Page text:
Still, emergency preparedness training must continue. “Just because your equipment works, you have to have good coordination.”

As to whether we have recovered six years after Hurricane Katrina, Ebbert observed, “As far as the economy, we have done rather well. We have a lot of buildings that have not been rebuilt, that includes government buildings, schools.”

But, Ebbert also noted that the renaissance in education has done more to rehabilitate New Orleans’ image than anything else post-Katrina. It is a subject about which he feels strongly—as the man who is currently plays a large role in organizing the area’s newest Charter School.

The New Orleans Military and Maritime Academy will début for the 2011-2012 school year in Algiers. Eventually it will be housed at the former Naval Support Activity, now called Federal City, adjacent to the new Marine Corps Reserve headquarters.

A Type Two Charter, it is open to all Louisiana students entering the ninth grade, regardless of whether or not they live in Orleans Parish.

Ebbert explained that the mission of the new school is to develop and foster strong character among students who exhibit leadership, citizenship, teamwork and communication skills. NOMMA’s founders are retired Marine Corps Officers who were inspired to fill the need for better quality public education and character-building in the community. The military maritime education method, which combines rigorous academics with an educational environment that stresses ethical decision-making, is proven to improve confidence and maturity in students while preparing them for a successful college career.

NOMMA graduates will not be required to join the military, but students will participate in the JROTC program and learn time-tested values and standards developed by the military over hundreds of years. According Ebbert, “The Academy believes that the purpose of education is to create responsible, productive citizens. No matter what a student’s previous school experiences are, this curriculum fosters the character building necessary for students to reach their academic and personal potential.”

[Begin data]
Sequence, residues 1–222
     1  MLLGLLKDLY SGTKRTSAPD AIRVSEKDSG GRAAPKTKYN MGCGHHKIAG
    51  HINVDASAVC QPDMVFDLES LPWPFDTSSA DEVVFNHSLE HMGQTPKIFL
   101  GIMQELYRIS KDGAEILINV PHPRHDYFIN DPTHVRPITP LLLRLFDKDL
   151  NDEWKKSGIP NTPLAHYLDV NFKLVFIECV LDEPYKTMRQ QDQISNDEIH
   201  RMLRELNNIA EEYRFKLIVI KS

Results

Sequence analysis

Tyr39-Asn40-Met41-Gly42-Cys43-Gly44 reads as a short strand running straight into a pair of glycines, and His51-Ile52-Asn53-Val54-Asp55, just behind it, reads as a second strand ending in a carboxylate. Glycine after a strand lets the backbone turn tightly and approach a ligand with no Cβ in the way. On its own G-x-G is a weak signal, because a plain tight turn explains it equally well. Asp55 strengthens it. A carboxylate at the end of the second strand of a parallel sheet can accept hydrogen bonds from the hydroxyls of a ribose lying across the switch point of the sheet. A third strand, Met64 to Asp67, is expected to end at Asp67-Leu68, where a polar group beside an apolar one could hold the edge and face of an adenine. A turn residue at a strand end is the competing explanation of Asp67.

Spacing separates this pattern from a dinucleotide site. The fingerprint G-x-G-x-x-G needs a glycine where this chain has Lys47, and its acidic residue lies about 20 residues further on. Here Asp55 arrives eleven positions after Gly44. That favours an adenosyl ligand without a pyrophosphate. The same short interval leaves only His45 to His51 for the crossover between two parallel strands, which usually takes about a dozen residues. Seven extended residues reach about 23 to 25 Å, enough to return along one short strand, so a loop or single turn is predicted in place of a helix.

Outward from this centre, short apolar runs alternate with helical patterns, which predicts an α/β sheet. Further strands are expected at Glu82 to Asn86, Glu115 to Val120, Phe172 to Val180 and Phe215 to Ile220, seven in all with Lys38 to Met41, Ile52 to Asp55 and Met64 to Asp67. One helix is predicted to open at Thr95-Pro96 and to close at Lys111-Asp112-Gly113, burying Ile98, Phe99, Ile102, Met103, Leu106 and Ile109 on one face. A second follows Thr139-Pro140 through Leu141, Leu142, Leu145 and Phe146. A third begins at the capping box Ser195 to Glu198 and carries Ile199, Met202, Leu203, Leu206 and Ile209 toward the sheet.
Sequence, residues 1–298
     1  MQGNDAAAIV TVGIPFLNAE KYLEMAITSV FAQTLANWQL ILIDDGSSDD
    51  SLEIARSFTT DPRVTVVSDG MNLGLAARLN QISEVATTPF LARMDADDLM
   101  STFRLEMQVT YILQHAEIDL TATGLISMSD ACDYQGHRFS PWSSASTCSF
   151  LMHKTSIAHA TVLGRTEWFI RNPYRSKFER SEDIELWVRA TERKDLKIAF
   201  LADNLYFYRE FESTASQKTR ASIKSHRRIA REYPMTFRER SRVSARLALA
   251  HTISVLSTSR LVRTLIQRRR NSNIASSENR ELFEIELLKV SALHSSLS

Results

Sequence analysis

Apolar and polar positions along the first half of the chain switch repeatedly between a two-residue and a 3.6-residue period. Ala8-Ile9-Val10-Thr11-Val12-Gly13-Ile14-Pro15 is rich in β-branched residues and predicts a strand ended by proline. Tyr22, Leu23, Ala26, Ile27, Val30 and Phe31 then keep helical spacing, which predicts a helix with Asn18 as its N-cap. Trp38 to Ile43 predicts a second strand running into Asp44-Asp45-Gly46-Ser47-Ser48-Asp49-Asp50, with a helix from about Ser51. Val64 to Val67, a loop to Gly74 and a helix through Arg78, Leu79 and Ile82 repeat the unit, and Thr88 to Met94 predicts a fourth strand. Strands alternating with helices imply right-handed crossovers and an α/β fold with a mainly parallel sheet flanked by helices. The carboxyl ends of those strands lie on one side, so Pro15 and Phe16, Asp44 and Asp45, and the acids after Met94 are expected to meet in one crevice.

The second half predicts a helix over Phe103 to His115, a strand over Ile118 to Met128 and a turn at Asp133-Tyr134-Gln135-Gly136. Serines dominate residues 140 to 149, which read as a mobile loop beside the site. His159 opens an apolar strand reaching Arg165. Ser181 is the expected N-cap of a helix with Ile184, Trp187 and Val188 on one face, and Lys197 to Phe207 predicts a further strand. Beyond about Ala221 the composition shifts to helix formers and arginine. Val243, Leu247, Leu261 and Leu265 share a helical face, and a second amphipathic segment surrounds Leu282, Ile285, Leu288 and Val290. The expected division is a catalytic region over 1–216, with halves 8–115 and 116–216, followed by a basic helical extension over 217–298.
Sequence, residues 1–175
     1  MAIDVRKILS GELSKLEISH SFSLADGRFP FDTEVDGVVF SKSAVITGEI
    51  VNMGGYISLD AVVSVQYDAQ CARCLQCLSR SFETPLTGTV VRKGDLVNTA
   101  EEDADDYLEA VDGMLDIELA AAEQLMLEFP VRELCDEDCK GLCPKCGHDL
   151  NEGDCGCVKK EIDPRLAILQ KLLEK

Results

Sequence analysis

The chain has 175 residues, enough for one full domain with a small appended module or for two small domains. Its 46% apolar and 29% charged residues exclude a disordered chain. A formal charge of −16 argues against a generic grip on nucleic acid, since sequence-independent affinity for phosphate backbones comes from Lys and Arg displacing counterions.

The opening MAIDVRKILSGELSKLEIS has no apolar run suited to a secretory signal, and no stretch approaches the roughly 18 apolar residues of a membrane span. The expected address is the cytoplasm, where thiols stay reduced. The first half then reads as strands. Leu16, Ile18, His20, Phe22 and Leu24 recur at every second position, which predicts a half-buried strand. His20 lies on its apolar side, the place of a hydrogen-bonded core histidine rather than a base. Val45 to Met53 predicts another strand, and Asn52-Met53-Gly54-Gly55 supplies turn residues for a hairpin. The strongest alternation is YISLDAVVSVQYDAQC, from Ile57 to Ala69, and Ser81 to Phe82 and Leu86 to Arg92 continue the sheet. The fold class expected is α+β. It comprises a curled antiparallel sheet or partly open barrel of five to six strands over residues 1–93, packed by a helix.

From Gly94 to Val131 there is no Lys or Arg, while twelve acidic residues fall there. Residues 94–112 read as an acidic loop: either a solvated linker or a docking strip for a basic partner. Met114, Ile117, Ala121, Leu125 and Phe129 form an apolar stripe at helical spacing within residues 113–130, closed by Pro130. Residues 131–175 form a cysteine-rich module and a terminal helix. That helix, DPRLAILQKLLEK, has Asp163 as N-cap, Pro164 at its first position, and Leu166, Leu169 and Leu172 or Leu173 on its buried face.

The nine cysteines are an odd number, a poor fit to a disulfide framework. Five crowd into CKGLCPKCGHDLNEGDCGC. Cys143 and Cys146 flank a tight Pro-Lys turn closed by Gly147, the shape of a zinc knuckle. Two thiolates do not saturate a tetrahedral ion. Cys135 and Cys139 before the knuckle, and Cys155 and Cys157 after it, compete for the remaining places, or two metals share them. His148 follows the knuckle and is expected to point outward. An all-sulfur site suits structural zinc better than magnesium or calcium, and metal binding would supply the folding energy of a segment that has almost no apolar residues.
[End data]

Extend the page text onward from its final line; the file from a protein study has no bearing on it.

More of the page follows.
The school will employ masters-level teachers along with former Marine officials. In addition to the military and maritime components, a Robotics course called “Cyber Science,” will give students an opportunity to compete in robotics, science and math programs as part of NOMMA’s partnership with the highly-accredited Louisiana Cyber Innovation Center.

“It will also offer a tremendous mix with music, with the Marine Corps Band across the street,” Ebbert explained.

The New Orleans Military and Maritime Academy is a Type 2 State Charter school open to all students in Louisiana. The school is located initially at the old Henderson Middle School facility on Landry Avenue in Algiers for its first year and will expand next year into the new, state-of-the-art Federal City facility the following year. Enrollment for the first year will be limited to 150 freshmen. Students from Orleans, Jefferson, Plaquemines and St. Tammany parishes have already enrolled in the new New Orleans Military and Maritime Academy.

“While there are a large number of military dependent children, it is a myth that the school is limited to that group,” Ebbert maintained. “This is a school for anybody.” (There are still spots open. Parents can find more information by going online at www.nomma.net or calling (504) 875-6208.)

In education, just as in all areas of Hurricane recovery and preparedness, Ebbert pointed out, “I think that the secret is that we have to be able to show the world that we are a self reliant city that knows how to manage storms. And to make this thing work, we need to build a community, in all ways, of which we can be proud.”

This article originally published in the July 4, 2011 print edition of The Louisiana Weekly newspaper.